The most popular strathspeys in 1928 were The Shepherd’s Crook and Tulloch Gorm and the most popular reels were Pretty Marion and Caber Feidh. Each band had between 11 and 14 pipers and five or six drummers including the bass section. There was one adjudicator, Pipe Major J.A. Gordon. The winners at this contest were the Glasgow Police with the Clan MacRae Society second, the Maclean Pipe Band third and Glasgow Tramways fourth. The other bands taking part were the Glasgow Shepherds, the 7th HLI, the 5th HLI, Cameron Pipe Band, St. Rollox Temperance, Clan MacKenzie, Christ Church, Provanside and the 21st Glasgow Rover Scouts.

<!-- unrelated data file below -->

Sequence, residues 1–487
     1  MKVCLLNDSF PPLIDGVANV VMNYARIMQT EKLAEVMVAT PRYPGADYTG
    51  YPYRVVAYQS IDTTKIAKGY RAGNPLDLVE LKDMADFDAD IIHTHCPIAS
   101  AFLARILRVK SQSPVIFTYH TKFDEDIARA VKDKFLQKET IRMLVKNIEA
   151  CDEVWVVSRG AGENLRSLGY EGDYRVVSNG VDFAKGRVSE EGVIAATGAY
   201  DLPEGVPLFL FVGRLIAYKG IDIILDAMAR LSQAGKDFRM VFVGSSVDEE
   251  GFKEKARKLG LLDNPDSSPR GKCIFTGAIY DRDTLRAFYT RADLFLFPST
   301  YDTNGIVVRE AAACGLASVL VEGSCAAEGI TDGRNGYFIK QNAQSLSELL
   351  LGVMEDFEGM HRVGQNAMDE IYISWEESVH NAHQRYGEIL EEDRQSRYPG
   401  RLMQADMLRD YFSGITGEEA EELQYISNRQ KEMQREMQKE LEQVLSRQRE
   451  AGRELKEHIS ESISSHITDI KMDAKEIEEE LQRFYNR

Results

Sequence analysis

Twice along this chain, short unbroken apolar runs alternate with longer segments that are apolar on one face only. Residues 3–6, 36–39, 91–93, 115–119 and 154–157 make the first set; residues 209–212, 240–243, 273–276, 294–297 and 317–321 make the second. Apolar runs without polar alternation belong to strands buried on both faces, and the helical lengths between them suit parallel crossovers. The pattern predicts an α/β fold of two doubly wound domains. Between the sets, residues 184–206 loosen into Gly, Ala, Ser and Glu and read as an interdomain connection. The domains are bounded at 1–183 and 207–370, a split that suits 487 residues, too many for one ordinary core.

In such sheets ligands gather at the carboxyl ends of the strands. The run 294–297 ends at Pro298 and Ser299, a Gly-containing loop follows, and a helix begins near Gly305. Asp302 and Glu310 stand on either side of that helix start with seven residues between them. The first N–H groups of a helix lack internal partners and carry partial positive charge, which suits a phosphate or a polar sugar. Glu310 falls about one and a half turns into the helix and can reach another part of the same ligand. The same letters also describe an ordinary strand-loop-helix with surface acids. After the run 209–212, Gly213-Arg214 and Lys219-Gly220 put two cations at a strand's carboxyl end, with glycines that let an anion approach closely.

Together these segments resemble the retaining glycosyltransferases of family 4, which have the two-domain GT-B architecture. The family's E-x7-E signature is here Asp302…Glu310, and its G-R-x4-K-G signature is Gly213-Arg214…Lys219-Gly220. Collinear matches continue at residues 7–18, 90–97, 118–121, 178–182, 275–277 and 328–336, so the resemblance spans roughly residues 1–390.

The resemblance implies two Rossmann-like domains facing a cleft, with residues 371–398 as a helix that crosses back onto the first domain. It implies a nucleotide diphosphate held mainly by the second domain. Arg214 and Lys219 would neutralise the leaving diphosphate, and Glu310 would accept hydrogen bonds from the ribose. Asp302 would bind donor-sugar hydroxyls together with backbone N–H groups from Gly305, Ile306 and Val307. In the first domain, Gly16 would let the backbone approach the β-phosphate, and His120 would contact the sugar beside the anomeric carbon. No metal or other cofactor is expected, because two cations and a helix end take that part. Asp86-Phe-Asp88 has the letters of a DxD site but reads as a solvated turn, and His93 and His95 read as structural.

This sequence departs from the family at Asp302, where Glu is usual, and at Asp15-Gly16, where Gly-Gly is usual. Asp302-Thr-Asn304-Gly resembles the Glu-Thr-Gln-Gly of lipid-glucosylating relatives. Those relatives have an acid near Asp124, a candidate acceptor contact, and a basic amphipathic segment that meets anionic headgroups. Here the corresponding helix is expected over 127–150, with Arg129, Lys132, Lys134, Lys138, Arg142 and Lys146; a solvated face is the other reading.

This competition was an annual event for a number of years during the 1920s and 1930s and winning bands were awarded a number of paid engagements to play in the Glasgow Parks during the summer. At this time anyone could run a pipe band contest and each promoter could make his own rules and his own choice of judges. In 1930 a group of pipe majors got together on the boat returning from the Cowal Games and their discussions led to a meeting in October that year at which The Scottish Pipe Band Association was formed in order to organise and regulate pipe bands and pipe band competitions. The bands were arranged in three grades and the first Association run contest took place at Stirling in June 1933. Other promoters soon began to adopt the Association rules and run contests in three grades. As we hear from old recordings, pipe band performances at that time were a bit more informal than at the present, for example the pipe band start as we know it today, was unknown then and there were no sets of matched chanters.